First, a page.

ANAHEIM, Calif. — After tackling online strategy and role-playing games, the company behind "World of Warcraft" is taking aim at the shooter genre.
Blizzard Entertainment Inc. announced plans Friday to release a multiplayer shoot-'em-up PC game called "Overwatch." The reveal kicked off BlizzCon, the company's fan-centric celebration where more than 25,000 attendees are competing in game matches, dressing in costumes and bagging swag at the Anaheim Convention Center.
Blizzard's chief of story and franchise development, Chris Metzen, said "Overwatch" marks the first new franchise in 17 years from the creator of such long-running game series as the fantasy role-playing saga "World of Warcraft," gothic slasher "Diablo" and sci-fi strategy game "StarCraft."
"You guys know that with Blizzard games, we like to find genres and game types that we're in love with and take the best elements of those and really amplify it," game director Jeff Kaplan told the BlizzCon crowd. "You saw us do that with a strategy genre, a massively multiplayer online game, and most recently a collectable card game."
"Overwatch" will feature original superhero-like characters with various skills — such as mechanized gorilla Winston, winged healer Mercy and robotic monk Bastion — blasting each other in six-versus-six matches on a futuristic, cartoony rendition of Earth.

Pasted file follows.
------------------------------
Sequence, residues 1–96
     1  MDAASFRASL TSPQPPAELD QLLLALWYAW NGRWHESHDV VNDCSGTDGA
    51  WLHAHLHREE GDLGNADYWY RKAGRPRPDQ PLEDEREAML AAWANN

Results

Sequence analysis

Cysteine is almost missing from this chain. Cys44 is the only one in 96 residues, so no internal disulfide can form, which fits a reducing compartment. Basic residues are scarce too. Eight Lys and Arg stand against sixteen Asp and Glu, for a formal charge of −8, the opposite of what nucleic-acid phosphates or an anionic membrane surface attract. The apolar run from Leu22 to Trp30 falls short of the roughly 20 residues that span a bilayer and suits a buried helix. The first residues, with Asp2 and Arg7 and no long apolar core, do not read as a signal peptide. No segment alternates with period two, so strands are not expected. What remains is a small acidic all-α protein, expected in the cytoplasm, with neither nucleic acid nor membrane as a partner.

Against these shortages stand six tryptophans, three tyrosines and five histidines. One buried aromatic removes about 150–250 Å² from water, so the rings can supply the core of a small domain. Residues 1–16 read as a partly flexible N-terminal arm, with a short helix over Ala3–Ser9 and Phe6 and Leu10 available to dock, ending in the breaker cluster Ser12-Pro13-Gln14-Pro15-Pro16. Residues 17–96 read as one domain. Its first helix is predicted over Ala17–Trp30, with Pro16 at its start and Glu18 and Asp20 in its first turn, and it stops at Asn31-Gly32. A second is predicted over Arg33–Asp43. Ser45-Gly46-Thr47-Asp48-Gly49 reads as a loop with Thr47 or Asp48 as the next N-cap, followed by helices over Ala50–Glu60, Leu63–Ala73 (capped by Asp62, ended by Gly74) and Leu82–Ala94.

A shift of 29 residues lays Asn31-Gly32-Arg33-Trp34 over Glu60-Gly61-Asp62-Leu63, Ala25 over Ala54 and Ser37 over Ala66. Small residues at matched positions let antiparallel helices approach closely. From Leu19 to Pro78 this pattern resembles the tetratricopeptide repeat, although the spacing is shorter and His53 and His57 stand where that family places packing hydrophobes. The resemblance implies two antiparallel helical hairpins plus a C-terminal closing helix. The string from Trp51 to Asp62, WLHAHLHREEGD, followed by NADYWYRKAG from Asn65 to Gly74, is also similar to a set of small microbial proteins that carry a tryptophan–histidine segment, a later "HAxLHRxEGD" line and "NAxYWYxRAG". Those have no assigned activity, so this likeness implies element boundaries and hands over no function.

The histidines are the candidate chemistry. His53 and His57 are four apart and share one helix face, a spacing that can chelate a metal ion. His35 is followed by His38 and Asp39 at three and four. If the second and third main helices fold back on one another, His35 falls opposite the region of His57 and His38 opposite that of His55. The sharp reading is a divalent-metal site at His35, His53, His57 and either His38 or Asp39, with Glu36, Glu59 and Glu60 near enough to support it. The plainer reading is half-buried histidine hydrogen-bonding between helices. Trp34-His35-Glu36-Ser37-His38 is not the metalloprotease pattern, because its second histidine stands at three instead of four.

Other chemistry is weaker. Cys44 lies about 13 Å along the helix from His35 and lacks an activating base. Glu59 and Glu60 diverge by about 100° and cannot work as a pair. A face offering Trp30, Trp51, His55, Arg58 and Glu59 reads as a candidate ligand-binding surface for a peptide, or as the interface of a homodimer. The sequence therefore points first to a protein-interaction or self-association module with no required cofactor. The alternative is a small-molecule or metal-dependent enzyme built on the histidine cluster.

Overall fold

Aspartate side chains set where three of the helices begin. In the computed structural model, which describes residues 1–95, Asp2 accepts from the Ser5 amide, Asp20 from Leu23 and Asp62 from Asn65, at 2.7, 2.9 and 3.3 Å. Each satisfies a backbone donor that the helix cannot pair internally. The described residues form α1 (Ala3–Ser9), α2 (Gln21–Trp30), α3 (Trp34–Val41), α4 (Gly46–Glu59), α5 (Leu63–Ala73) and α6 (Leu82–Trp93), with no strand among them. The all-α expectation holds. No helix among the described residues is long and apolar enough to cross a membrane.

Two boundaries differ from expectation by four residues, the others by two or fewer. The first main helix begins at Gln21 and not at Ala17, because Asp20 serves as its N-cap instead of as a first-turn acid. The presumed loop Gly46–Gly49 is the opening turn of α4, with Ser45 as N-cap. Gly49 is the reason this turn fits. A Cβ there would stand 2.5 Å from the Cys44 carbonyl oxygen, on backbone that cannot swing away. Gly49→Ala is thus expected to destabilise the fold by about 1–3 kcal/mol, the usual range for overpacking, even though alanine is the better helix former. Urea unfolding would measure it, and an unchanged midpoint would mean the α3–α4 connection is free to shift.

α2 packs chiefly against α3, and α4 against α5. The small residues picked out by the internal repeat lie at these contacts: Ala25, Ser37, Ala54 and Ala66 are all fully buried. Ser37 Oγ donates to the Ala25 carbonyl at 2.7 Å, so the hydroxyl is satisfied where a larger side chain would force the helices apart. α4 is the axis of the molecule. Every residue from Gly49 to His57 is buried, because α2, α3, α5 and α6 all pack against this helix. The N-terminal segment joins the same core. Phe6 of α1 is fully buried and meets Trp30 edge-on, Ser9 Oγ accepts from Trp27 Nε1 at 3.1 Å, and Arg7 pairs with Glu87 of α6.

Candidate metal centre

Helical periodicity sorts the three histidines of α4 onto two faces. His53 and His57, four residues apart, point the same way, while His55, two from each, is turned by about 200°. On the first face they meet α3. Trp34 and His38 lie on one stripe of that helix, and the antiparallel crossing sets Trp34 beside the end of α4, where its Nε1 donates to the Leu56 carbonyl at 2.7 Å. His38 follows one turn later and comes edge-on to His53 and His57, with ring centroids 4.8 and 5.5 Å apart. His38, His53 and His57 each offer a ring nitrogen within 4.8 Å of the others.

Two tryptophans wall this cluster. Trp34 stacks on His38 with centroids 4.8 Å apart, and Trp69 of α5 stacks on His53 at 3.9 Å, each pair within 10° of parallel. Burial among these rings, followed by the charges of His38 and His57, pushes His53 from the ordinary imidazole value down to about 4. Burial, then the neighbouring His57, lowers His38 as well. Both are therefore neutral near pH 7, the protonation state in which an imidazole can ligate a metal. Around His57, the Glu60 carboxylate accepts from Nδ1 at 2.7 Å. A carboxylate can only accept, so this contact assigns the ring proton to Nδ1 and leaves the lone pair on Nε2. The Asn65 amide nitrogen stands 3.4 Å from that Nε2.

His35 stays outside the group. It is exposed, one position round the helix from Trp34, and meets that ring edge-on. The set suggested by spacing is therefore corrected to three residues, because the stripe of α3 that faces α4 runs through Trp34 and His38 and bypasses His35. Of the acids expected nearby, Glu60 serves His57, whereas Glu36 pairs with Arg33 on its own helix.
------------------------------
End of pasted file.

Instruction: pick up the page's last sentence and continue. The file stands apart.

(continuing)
"The story takes place something like 60 years in the future," Metzen said. "It's far enough in the future that we have flying cars, ray guns and all the technology you'd want to have, but it's not far enough that it feels too exotic."
A beta test for "Overwatch" will launch in 2015 and a demonstration of the game is available at the convention this weekend, Metzen said.
"Overwatch" will join Blizzard's growing game portfolio, which includes such newcomers as the "Warcraft"-themed collectable card game "Hearthstone" and the battle arena game "Heroes of the Storm" featuring characters from other Blizzard games.
Blizzard also announced plans Friday for the first "Hearthstone" expansion and a version coming to the Android devices.
The developers declined to specify whether the business model of "Overwatch" would be subscription-based like "World of Warcraft," free-to-play like "Hearthstone" or stand-alone like "Diablo."
Blizzard is a division of Activision Blizzard Inc., which publishes the first-person shooters "Destiny" and "Call of Duty."
The company said during its earnings call Tuesday that strong sales of "Destiny" and "World of Warcraft" led to better-than-expected results for its third quarter and raised its full-year forecast.
Blizzard said it had 7.4 million "World of Warcraft" subscribers as of Sept. 30, ahead of next week's release of the "Warlords of Draenor" expansion. At its peak, the game had 12 million subscribers in 2010.
Follow AP Entertainment Writer Derrik J. Lang at http://www.twitter.com/derrikjlang .